But, the government should have realised that it would have an impact on sentiment and on investment by businesses. It must have had a Plan B already. Large-scale privatisations (some trophy but chronic loss-making entities like AIR INDIA) either through strategic sale or though Further Placement Offering in capital markets (FPO) should have been contemplated to shore up sentiment and to create a mood of policy dynamism and progressive thinking, etc., especially in the context of what it did on 8th November 2016. It has done nothing of that sort.

The short-term contractionary impact of ‘note-ban’ decision exercise was not taken into consideration in the preparation of offsetting measures in the budget for 2017-18. The budget was a pedestrian document and it lacked imagination. Post-note-ban, the country needed an offsetting positive excitement. The budget ensured that it did not happen.

So, the government does have a large share of the blame for the current growth malaise in India.

(2) The Central Statistical Organisation: When the history of India’s economic cycles is written for this period, much of the blame must be and will be assigned to this organisation for creating a false perception of ‘all is well’ about the Indian economy. Its ‘no resemblance to reality’ growth prints of 7% or higher had robbed all of the sense of urgency, most of all in the Indian government. Further, it has done nothing to remove the suspicions that still linger over its methodology.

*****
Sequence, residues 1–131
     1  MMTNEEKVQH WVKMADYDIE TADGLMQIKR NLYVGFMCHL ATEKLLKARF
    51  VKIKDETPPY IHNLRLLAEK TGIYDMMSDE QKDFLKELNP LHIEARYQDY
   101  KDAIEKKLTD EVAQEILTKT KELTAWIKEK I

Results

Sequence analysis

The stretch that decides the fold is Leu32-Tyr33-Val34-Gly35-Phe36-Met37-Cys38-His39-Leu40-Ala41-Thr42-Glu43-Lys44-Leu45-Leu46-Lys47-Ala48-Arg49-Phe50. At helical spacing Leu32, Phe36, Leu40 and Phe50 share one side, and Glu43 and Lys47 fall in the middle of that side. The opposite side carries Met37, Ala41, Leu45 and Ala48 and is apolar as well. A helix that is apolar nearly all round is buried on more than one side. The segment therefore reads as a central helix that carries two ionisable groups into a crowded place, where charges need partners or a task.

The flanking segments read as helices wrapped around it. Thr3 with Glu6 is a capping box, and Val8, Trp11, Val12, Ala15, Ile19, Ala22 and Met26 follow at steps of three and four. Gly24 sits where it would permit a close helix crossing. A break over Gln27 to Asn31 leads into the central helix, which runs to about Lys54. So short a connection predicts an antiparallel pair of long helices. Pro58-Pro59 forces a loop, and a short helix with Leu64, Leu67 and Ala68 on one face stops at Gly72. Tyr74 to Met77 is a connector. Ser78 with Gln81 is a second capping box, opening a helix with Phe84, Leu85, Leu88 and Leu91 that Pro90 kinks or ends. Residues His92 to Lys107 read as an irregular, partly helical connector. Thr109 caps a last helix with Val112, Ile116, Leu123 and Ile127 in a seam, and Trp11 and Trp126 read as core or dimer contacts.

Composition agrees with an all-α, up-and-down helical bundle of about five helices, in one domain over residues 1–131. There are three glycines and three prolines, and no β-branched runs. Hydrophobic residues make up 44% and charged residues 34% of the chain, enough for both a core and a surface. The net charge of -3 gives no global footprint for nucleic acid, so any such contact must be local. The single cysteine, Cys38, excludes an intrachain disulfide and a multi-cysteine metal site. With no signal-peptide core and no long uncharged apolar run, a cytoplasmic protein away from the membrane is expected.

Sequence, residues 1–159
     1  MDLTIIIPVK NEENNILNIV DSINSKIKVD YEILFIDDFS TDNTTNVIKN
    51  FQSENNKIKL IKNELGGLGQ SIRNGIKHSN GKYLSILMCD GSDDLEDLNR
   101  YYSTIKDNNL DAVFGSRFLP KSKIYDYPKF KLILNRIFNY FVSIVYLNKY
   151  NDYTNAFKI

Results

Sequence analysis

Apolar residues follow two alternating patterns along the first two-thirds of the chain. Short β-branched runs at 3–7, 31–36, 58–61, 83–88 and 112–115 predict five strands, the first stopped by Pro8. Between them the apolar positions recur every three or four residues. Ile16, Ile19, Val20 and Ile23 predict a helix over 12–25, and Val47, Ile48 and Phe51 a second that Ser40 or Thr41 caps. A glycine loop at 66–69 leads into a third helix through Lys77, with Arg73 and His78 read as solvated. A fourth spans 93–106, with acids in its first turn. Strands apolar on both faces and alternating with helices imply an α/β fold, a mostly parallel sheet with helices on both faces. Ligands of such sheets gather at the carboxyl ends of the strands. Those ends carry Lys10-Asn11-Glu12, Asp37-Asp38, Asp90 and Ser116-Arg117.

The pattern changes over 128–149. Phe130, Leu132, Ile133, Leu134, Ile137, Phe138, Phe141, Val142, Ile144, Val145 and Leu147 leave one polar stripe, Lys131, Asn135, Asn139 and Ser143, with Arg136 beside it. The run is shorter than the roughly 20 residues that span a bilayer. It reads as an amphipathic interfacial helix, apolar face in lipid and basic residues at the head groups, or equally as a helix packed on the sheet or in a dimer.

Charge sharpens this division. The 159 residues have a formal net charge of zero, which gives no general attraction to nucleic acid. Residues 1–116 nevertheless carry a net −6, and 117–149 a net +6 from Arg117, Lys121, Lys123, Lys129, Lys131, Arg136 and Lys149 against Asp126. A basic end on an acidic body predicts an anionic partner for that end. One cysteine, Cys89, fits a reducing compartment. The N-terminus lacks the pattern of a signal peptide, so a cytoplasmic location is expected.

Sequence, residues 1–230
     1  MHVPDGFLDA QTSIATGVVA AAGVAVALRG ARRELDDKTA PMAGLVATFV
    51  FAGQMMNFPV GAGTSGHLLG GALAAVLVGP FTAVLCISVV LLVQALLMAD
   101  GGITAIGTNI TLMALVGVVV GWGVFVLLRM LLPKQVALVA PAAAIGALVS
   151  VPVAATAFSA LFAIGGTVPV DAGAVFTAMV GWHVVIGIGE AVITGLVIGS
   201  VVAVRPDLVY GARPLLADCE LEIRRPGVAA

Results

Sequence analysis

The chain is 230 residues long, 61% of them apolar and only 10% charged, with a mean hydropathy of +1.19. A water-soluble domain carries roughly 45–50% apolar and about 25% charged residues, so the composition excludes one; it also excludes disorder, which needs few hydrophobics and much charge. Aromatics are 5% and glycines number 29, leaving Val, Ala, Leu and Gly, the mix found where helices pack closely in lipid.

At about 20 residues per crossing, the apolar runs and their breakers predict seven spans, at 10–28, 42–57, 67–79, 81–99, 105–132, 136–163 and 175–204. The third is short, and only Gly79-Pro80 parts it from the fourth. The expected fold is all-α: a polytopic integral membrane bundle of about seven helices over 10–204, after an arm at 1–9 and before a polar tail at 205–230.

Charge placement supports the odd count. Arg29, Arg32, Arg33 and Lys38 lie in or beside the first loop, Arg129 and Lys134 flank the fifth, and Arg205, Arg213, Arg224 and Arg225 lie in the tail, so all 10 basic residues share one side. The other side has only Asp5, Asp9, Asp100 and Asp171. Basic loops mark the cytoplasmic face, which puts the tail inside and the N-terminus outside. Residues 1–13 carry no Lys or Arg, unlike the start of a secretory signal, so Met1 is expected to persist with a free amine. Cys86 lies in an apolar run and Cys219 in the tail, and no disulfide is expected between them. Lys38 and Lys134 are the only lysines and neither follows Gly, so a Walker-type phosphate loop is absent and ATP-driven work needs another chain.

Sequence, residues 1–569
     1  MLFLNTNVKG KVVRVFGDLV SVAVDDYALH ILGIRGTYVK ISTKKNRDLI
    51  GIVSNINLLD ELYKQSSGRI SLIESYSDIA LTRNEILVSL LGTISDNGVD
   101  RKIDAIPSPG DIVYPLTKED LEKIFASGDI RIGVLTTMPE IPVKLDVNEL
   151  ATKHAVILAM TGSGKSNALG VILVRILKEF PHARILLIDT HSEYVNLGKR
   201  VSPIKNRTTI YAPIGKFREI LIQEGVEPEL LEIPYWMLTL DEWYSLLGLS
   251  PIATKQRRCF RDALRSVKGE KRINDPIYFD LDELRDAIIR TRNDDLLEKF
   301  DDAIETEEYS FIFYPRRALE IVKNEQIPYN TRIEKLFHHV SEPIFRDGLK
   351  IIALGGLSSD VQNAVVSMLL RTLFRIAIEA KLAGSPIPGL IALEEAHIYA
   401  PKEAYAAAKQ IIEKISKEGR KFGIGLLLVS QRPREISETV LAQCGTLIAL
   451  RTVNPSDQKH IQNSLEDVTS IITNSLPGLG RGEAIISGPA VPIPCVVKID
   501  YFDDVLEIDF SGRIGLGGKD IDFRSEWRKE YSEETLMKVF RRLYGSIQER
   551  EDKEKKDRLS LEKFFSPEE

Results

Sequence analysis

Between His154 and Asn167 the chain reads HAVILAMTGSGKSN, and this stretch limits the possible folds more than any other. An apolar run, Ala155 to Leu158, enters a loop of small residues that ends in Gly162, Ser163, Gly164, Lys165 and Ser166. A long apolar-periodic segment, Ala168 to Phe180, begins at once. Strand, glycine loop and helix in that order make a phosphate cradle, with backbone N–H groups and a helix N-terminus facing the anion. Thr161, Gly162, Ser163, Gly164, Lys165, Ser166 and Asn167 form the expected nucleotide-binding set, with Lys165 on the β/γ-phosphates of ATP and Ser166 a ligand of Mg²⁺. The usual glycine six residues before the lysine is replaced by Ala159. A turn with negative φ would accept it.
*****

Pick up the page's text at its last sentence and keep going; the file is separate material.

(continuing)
All that we receive, every now and then, from commentators is a reassurance that there is no mala fide in Indian economic growth numbers and that the CSO leadership scores high on integrity. That is not even an issue for discussion.

In fact, it is well known that it makes no sense to attribute malice to something that could be explained by incompetence.

That the Indian economy grew 6.4% in 2013-14 is no laughing matter. But, it is laughable. It is very hard to reconcile with lots of statistics – from mobile phone sales to airline traffic to rail freight traffic to cement production to current account deficit shrinkage, etc.  The growth rate was close to 4.0% then.

Similarly, with credit growth to industries contracting, with private capital formation rates shrinking, with production in infrastructure industries sluggish at best and contracting at worst, with demand for electricity not rising, it is hard to see that the economy is growing at 7.5%.